Trigonometric equation
http://littleimg.com/files/48366_lpkmm/Eqn1.gif
Work shown so far:
http://littleimg.com/files/48367_wh0fi/Eqn2.gif
(Headbang)
This is where I'm stuck at. I know that I somehow have to get two terms to equal to zero, but I don't know how. The +1 at the end of the problem is throwing me for a loop. Am I even doing it correct?

Correct up to $\displaystyle \displaystyle 2  2\sin^2{x} + \sin{x}  1 = 0$.
From here, you have forgotten that after that it is an EQUATION, and also there should be a negative on the $\displaystyle \displaystyle 2\sin^2{x}$.
Solve it as you would a quadratic equation.

Is this correct?
http://littleimg.com/files/48368_u2q7p/Eqn4.gif
Also if it is, how do you know when to add the +n(2pi) to each of the solutions? It asked to solve the equation on interval [0,2pi).

I believe you mean $\displaystyle \displaystyle \sin{x} = \frac{1 \pm \sqrt{1  4(2)(1)}}{2(2)} = \frac{1}{2}$ or $\displaystyle \displaystyle 1$...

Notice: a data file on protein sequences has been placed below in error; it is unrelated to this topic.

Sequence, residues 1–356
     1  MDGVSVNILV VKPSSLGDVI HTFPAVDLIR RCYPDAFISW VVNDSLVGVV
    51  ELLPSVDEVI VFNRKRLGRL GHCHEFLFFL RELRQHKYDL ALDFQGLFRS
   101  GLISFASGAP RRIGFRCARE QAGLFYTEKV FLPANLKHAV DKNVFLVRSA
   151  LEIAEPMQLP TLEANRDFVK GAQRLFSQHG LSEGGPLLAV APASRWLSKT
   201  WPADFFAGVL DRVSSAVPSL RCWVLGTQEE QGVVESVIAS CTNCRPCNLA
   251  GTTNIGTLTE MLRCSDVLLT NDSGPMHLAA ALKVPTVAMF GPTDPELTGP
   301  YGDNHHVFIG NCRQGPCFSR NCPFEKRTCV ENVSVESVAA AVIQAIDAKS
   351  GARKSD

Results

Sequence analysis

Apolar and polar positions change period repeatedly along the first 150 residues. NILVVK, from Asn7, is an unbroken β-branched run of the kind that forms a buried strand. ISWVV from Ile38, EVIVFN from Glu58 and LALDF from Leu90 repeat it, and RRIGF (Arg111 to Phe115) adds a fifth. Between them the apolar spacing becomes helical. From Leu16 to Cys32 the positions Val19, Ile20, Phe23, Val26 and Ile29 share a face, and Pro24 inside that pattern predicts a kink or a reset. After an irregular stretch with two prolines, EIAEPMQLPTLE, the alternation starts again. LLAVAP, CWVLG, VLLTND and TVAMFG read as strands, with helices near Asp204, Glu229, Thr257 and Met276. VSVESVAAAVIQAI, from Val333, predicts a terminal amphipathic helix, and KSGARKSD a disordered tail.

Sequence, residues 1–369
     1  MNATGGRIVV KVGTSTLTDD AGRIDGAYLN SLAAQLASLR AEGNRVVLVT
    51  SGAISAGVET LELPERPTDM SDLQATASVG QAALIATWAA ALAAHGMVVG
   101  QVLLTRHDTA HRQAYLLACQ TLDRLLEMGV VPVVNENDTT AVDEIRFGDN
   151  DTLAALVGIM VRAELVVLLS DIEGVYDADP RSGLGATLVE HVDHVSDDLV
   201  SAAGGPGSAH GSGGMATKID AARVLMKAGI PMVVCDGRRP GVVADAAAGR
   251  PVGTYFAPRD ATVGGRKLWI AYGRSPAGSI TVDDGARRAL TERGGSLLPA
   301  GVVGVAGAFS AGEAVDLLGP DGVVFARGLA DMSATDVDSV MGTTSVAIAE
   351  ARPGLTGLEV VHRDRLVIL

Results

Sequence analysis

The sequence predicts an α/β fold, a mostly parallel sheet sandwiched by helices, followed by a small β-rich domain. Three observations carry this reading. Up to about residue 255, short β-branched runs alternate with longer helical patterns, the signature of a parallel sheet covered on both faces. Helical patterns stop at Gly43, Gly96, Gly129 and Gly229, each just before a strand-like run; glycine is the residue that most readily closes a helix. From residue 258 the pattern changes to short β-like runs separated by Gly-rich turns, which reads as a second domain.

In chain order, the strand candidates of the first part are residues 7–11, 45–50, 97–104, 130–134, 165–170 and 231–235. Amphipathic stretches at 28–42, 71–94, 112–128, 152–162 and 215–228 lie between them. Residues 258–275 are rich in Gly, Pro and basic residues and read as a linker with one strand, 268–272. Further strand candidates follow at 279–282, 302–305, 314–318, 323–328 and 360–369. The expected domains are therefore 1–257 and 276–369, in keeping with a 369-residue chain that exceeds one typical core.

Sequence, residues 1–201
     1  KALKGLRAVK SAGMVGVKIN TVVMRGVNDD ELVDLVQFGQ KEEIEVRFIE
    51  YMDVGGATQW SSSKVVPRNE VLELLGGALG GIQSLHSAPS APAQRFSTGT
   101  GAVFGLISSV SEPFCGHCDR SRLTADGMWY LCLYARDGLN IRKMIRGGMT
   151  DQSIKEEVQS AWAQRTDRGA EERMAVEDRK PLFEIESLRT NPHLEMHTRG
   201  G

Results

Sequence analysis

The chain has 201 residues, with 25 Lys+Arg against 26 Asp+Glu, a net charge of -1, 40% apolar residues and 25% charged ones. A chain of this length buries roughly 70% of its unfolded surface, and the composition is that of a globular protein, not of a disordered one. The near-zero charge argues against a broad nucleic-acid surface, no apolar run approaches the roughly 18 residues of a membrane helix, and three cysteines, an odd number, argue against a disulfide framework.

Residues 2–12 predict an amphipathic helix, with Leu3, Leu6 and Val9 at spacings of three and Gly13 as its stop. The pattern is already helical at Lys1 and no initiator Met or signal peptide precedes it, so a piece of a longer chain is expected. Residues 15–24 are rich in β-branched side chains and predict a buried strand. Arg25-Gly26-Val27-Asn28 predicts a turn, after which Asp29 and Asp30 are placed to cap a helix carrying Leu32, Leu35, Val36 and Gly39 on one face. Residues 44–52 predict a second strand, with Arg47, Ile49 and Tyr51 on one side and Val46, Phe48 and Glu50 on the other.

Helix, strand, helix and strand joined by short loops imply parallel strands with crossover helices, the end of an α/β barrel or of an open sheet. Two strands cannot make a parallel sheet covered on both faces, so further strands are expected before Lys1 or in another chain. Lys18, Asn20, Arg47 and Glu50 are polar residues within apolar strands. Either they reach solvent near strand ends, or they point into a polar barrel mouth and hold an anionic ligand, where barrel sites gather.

yessir that's what I mean hehe. Still stuck in algebra mode. apologies. Thanks again for ur help Prove It. Do you happen to know the answer to the question about the add on?

Quote:
Originally Posted by
isuckatallmath
By the identity $\displaystyle 1+\cos{2x} = 2\cos^2{x}$, we've $\displaystyle 2\cos^2{x}+\sin{x}1 = \cos{2x}+\sin{x}$.
So for your equation we have $\displaystyle \cos{2x}+\sin{x} = 0 \Rightarrow \cos{2x} = \sin{x} = \cos\left(x+\frac{\pi}{2}\right)$.
If $\displaystyle \cos{\theta} = \cos{\alpha}$, then $\displaystyle \theta = 2n\pi\pm \alpha$, thus for the equation $\displaystyle \cos{2x} = \cos\left(x+\frac{\pi}{2}\right)$ we've:
$\displaystyle 2x = 2n\pi+x+\frac{\pi}{2} \Rightarrow x = 2n\pi+\frac{\pi}{2} $ or we've $\displaystyle 2x = 2n\pix\frac{\pi}{2} \Rightarrow x = \frac{2}{3}n\pi\frac{\pi}{6}.$